SOUTH African music legend Johnny Clegg, the face of government’s new cultural heritage strategy, says "finding the hidden story behind” is the key to unwrapping the Eastern Cape’s tapestry of riches.
Clegg was responding to a question during his presentation to media at Tourism Indaba 2012 in Durban, yesterday.
"The Eastern Cape has a very rich history that includes, for instance, your eight frontier wars ... [from 1779 to 1879 between the Xhosa, and the Boer and British settlers] and the great cattle killing [by the Xhosa]. [triggered by the prophesy of Nongqwuse in 1856 and which resulted in over more than 300000 cattle being slaughtered by the Xhosa]
"This has resulted in strong beliefs and world views. It’s a wonderful tapestry and what you need to do is put together a narrative that tells this story.”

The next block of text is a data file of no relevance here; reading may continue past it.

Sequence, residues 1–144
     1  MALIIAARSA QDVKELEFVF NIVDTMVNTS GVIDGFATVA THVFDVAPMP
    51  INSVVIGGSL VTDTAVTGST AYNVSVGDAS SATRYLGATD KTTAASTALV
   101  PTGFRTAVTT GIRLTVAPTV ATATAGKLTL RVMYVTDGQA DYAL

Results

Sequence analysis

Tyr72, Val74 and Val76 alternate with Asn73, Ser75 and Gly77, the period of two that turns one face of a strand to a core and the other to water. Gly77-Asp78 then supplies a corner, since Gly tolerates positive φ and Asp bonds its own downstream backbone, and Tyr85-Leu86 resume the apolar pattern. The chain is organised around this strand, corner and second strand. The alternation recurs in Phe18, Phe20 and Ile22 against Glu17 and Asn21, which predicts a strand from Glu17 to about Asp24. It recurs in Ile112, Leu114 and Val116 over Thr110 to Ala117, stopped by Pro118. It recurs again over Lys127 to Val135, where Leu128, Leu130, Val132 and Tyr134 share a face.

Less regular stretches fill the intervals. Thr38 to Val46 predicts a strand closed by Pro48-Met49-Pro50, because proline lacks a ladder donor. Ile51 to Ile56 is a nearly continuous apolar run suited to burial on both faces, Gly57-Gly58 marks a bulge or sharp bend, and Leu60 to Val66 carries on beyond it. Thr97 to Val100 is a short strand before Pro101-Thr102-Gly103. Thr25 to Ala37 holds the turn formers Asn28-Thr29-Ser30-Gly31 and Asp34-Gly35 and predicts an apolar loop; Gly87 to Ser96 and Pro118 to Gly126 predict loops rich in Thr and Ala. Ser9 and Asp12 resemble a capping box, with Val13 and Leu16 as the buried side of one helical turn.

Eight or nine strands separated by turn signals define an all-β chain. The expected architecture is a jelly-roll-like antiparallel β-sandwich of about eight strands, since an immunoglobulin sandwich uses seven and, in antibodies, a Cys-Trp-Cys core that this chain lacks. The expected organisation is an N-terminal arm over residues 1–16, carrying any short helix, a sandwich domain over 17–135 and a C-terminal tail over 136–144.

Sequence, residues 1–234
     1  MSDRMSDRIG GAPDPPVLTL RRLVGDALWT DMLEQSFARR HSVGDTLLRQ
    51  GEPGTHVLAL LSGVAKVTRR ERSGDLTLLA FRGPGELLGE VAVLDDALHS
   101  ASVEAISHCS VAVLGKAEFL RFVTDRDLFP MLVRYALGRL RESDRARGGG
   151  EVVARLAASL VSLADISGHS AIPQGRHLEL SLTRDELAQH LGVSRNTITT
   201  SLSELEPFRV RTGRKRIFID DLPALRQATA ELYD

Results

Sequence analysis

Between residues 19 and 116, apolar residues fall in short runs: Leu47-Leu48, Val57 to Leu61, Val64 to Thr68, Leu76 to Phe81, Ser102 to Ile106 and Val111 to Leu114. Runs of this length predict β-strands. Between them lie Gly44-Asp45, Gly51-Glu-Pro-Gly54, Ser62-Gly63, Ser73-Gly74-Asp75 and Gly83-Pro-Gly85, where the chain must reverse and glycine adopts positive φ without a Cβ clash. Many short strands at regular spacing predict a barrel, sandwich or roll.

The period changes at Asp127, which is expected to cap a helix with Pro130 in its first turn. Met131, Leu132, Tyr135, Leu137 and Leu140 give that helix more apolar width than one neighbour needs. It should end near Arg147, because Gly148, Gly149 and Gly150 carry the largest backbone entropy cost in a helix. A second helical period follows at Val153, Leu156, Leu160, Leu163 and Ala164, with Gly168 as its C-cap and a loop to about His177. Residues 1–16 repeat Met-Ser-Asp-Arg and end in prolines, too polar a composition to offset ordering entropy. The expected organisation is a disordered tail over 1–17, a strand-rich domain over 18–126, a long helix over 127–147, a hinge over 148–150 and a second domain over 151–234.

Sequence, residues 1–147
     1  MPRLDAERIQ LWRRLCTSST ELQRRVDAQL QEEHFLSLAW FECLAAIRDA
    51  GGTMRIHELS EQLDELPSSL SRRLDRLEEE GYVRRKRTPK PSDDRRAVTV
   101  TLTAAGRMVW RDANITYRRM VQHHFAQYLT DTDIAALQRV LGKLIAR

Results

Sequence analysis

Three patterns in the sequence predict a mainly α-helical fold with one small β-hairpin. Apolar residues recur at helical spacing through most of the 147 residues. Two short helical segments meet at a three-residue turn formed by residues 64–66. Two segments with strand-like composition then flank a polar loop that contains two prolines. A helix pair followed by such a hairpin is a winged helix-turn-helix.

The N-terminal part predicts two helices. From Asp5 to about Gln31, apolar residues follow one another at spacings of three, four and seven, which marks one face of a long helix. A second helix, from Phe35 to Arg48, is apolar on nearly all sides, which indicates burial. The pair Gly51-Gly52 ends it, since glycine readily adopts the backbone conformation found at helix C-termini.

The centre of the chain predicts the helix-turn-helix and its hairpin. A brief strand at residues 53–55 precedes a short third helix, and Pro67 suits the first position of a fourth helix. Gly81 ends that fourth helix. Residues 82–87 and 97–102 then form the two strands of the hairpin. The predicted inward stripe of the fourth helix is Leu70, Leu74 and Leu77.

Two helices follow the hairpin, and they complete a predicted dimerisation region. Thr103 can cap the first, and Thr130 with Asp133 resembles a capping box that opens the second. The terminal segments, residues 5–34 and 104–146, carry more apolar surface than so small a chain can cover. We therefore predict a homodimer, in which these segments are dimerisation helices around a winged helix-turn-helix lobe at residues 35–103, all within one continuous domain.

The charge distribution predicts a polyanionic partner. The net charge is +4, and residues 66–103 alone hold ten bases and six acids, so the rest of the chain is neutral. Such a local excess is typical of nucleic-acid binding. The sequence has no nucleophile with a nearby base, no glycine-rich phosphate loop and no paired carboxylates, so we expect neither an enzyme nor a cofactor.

Talking more broadly, Clegg said "the longing to redefine ourselves” was the driver behind the phenomenon of cultural tourism.
"All of us feel at some point like we’re in a porridge. So we become cultural tourists, we go abroad to redefine ourselves.
"When these guys come here – we can give them that gift.”
Clegg, who is also a qualified anthropologist, said a simple meal cooked and presented in a South African way, a mat with a particular weave, can become much more when they are part of a story.
"It’s the hidden story, the story behind – not the artefact itself.
"Most cultural tourists are on a quest and if they are not, then you must construct the quest for them, and put it on the table.”
He said cultural tourists wereare "looking for a new shape”.
"If you flash on that, you will change that person’s life forever, and connect him or her to South Africa forever.
"We need research and money to support this initiative by the government, but I think it is the right way to go, and it has great potential in terms of showing the real South Africa to our tourists,” Clegg said.